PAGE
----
These preferential politics play to our tendency as humans to draw connections between two or more objects. The outlined goal of each round in Get X Avoid Y may have no underlying motive or meaning, but it's likely we'll attach one. Such as the implications of clicking to remove all white characters from the screen while avoiding people of color. We might think this genocide reveals a characteristic of Pippin's politics, as it was him that set up this scenario, but without a visible consequence to the interaction it's too abstract for finite meaning. What's perhaps encouraged, then, is for us to project our own politics onto it, pushing our own meaning onto the dual at play.
Other objects are sometimes even more abstract than that previous example, so much so that they seem to lend themselves better to puzzling our perception. A series of black lines, some with a red circle on the end while others are without it, becomes a very difficult deciphering challenge. It's almost inevitable that you'll accidentally click on the wrong object. There are also some rounds in the game that present the exact same object twice, telling us to simultaneously "get" and "avoid" it, which forces us to question both our ability to observe difference, as well as the value of such an ability.
In presenting two symbols, one to eradicate the other to avoid, Get X Avoid Y provokes the semiotics of a conflicting relationship. Even if accidentally on Pippin's part, or incidental on ours, it becomes an interesting (perhaps even revealing) exercise in our own appropriation.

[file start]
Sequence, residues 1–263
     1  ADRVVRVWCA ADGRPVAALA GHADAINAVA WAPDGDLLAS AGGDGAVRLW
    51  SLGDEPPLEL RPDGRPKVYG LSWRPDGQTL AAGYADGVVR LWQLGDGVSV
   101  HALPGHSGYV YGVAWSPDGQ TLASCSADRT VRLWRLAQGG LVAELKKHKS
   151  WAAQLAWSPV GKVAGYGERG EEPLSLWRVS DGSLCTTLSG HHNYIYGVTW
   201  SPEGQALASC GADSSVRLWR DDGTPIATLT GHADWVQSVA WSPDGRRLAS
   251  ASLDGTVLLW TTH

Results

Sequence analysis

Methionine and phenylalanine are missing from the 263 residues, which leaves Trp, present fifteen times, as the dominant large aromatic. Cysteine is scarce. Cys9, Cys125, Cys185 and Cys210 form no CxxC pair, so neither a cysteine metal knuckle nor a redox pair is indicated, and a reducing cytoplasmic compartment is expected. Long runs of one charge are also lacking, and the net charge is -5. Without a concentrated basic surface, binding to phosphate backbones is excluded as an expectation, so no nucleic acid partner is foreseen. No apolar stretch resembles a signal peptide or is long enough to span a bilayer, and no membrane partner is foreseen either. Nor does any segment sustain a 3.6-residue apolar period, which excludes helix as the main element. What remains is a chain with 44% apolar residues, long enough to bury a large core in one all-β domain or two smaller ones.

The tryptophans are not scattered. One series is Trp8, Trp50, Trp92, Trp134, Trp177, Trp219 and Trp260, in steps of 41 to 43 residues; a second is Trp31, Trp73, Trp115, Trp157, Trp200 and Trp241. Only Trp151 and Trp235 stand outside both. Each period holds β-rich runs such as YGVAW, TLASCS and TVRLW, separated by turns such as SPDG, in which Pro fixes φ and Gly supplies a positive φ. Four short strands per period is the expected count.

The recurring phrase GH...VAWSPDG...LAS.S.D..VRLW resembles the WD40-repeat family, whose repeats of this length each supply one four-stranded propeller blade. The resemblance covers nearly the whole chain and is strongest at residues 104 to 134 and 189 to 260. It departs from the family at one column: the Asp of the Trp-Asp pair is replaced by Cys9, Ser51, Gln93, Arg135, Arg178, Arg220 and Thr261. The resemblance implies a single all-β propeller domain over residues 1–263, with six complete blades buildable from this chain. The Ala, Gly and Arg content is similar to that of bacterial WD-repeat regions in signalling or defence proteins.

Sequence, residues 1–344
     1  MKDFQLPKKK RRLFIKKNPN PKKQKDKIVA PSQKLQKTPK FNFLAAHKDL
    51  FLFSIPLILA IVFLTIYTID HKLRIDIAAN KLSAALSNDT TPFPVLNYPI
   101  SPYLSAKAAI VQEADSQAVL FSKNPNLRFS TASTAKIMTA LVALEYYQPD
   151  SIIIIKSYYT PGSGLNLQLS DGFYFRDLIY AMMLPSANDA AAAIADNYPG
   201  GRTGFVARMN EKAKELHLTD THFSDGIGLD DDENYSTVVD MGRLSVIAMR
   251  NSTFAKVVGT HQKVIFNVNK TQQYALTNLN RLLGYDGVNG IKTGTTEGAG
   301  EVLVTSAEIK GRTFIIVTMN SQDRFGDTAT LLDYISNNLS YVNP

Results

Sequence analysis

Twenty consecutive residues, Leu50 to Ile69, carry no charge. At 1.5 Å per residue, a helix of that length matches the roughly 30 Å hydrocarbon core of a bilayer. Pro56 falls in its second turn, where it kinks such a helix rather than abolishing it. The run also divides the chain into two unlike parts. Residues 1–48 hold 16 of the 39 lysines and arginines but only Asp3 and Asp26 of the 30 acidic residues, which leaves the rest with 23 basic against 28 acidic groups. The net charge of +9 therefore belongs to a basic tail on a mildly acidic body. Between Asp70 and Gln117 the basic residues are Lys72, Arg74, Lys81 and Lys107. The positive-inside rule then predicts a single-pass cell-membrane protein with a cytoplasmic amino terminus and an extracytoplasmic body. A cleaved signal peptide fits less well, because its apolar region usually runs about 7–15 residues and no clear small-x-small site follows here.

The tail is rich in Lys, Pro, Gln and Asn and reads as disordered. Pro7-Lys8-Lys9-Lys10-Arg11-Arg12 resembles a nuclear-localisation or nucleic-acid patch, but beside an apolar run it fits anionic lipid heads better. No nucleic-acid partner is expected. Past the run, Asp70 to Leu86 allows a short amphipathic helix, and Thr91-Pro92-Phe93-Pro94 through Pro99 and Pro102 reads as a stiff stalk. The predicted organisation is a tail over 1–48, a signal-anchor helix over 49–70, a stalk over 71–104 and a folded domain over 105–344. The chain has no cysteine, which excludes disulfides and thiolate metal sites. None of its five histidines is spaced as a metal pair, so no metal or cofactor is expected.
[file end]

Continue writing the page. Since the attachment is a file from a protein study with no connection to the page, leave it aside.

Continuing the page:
Play here (Browser)
Why play it? Drenched in blue and black, Road to Ruin is an entirely interpretative first-person wander through a mountainous world littered with glowing-red spinning cogs and pumping machines.
Smaller robots buzz with electricity as they fly overhead, and there are pillars of rock to walk around, some of which suggest traces of a civilization in how they seem to be carved.
The idea behind Road to Ruin is to experiment with how games communicate feelings and stories non-verbally. The mechanized sculptures endlessly grinding, and the sounds of sizzling machine parts certainly provoke a daunting uneasiness and a lot of questions.
Get beyond that first part, and it gets even more interesting...
Play on itch.io (Browser)
Why play it? Most narratives tend to be planned out with the purpose of delivering a climax. But O Trivial Lobotomy sees its creator tapping into stream-of-consciousness writing. It's therefore not confined by the constraints of structure and making sense.
The story is told by a number of strange heads that call you Jeff. They ask you questions and seem hostile, like voices in your head telling you to do devious acts.
The result is nonsense, really, but as it's all drawn loosely around the themes of health and physical appearance that there's enough there for you to potentially interpret a disturbing narrative from it.
The small session of challenging play you'll revisit between each talking head involves spinning a blockade around your heart. The idea is to prevent various objects (suggested to be medication) from crashing into it as they attack from all sides of the screen. Your potential motive behind this protective behavior is sometimes threaded into the words of the talking heads, which may eventually tempt you to deliberately fail to see what happens (spoiler: you're not allowed to fail).
Download on Game Jolt (Windows)